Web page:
Spain’s independent producers are adapting their business models to challenging times, armed with slates brimming with new projects made by exciting new filmmakers.
The Cannes selection of Clara Roquet’s Libertad in Critics’ Week and the short films Sycorax by Lois Patiño and Matias Piñeiro and The Windshield Wiper directed by Alberto Mielgo in Directors’ Fortnight offer a dynamic snapshot of Spain’s emerging talent.
The general mood in the territory’s energetic independent production sector is one of hope. That is not to dismiss the gnawing post-pandemic anxiety about the future of distribution and exhibition, and the touch of frustration about the friendly fire coming from the US trio of Netflix, Amazon and HBO, which are gobbling up cast and crew.
But Roquet and Patiño are the tip of the iceberg when it comes to exciting new talents. Among them are many women directors making their first features. Roquet is part of an impressive new wave of Catalan filmmakers alongside Carla Simon (Summer 1993) and Belen Funes (A Thief’s Daughter).
Roquet is an experienced screenwriter with credits that include Petra, directed by Jaime Rosales, and 10.000 km, directed by Carlos Marques-Marcet. Libertad is Roquet’s first feature as a director. She has taken this step with a coming-of-age story about two girls from different backgrounds who become friends during a summer holiday by the sea. Shot in Catalonia, the film is produced by Avalon and Lastor Media, with Belgium’s
Bulletproof Cupid; Paris-based sales outfit Playtime is handling international sales.
Alongside Roquet’s feature debut, other names have come to the forefront in recent months with premieres at Malaga Film Festival in June. They include Julia de Paz Solvas’ Ama, which won the best actress award for Tamara Casellas as a desperate homeless mother; Claudia Pinto’s The Consequences; and Ainhoa Rodriguez’s Mighty Flash, which won the special jury award.
At the Goyas in March, Pilar Palomero’s directorial debut Schoolgirls, which premiered at Berlinale Generation Kplus in 2020, won best picture, best new director, best original screenplay and cinematography. The latter prize was awarded to a woman, Daniela Cajias, for the first time in the award’s history.
On the international circuit, Nuria Gimenez Lorang caught the critics’ eye and won the Found Footage award in Rotterdam with her dazzling My Mexican Bretzel, a film that treads a fine line between documentary and fiction.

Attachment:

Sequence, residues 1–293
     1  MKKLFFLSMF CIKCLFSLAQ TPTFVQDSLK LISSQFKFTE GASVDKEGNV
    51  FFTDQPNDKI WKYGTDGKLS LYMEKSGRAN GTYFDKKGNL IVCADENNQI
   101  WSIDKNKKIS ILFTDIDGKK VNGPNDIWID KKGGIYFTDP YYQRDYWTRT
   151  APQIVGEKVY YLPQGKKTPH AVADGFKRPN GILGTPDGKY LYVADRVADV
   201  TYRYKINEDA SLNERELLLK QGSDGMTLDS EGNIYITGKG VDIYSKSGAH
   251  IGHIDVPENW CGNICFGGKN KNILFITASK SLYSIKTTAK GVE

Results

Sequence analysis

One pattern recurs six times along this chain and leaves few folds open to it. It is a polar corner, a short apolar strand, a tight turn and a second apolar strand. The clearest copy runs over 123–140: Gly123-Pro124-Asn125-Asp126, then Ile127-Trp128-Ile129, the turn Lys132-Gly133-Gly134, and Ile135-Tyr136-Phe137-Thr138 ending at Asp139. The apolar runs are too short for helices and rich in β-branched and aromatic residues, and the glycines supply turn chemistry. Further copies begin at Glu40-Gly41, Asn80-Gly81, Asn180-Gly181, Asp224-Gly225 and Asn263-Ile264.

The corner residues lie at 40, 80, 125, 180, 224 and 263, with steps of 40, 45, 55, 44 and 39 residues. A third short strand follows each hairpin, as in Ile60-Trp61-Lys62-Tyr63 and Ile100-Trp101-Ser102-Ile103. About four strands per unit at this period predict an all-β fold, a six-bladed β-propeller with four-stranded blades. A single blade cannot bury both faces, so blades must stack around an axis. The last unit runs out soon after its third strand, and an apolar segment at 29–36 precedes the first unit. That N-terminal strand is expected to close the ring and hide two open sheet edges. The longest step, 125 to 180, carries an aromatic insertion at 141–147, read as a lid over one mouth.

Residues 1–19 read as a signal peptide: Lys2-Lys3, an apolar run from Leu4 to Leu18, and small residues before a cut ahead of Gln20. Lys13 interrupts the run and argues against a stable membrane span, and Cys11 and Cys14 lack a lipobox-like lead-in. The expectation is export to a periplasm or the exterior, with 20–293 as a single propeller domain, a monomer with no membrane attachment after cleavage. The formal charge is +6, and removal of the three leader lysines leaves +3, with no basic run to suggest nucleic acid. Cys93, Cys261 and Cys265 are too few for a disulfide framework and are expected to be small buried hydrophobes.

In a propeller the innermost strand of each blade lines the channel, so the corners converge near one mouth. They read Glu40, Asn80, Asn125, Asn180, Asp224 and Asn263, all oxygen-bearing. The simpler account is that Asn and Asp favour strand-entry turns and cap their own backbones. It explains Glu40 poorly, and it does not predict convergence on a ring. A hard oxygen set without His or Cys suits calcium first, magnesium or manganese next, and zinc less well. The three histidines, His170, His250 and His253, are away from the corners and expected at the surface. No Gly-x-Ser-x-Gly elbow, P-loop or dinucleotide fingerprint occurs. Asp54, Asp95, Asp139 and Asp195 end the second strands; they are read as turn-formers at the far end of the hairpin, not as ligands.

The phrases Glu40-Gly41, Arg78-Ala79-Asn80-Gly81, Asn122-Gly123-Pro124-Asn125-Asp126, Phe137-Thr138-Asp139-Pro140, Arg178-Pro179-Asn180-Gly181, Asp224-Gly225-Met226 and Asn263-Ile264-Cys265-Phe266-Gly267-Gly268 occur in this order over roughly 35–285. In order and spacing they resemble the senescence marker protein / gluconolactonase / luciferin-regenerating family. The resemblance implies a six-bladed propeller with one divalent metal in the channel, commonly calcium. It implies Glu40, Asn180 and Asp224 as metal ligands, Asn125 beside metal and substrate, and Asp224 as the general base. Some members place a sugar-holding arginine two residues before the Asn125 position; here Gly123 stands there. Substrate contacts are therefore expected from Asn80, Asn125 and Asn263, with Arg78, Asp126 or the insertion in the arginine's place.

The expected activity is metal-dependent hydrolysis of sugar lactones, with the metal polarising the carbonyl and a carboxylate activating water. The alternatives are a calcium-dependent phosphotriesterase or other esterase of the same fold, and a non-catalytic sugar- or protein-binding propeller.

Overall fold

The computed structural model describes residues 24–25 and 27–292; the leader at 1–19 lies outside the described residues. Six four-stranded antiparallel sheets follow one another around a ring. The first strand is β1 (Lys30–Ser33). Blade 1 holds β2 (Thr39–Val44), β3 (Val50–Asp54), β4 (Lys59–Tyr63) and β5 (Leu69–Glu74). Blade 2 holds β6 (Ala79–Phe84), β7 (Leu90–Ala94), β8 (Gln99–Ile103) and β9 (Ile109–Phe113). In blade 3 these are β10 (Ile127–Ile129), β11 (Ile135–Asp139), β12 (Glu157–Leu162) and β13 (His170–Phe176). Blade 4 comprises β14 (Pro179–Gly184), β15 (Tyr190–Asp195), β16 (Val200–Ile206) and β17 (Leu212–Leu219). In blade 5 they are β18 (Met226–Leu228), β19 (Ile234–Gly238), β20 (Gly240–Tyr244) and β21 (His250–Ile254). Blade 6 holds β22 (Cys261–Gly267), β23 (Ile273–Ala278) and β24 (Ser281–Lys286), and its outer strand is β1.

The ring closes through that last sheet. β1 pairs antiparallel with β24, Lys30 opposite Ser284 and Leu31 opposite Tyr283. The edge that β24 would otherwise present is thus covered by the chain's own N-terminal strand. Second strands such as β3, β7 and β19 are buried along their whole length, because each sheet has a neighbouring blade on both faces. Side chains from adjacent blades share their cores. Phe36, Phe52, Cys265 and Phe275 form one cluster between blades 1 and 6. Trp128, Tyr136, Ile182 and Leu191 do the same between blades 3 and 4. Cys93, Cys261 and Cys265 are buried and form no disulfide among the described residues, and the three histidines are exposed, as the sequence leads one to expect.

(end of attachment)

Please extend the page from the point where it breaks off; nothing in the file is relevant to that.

Among other talents to watch are Luis Lopez Carrasco, who won the Goya for best documentary in 2021 with The Year Of Discovery(Begin Again Films has international rights); Maria Perez Sanz (Karen, an intimate portrait of author Karen Blixen, also sold by Begin Again); David Perez Sañudo (Ane Is Missing); Pedro Collantes (The Art Of Return); Polo Menarguez (The Plan); and Théo Court (White On White).
Watch out too for Alvaro Gago who is developing Matria, which won best short at Sundance in 2018, into a feature that starts shooting this autumn.
On the more experimental front, Lois Patiño’s second feature Red Moon Tide premiered in the Berlinale Forum in 2020. He is part of a new generation of Galician filmmakers along with Diana Toucedo, Eloy Enciso and Oliver Laxe (Fire Will Come). Patiño is already on Cannes’ radar, with the short Sycorax, co-directed with Matias Piñeiro and inspired by Shakespeare’s The Tempest, screening in Directors’ Fortnight this year.
What is encouraging about Spain’s independent production sector is the number of filmmakers making their second and third films. Carla Simon, Belén Funes, Pilar Palomero and Celia Rico are all working on their new films and Simon’s Alcarras is already in production.
The Windshield Wiper, an animated short by Alberto Mielgo, is the second Spanish title in Directors’ Fortnight. It is produced by Leo Sanchez Studio in the US and Pinkman TV, Mielgo’s production company in Spain. The animation sector is thriving: Robot Dreams, the new feature from Pablo Berger, is a co-production between Spain’s Arcadia Motion Pictures and France’s Noodles Production and Les Films du Worso.
Alberto Vazquez’s Unicorn Wars is another Spain-France co-production and was showcased as a work in progress at Annecy International Animation Film Festival in June.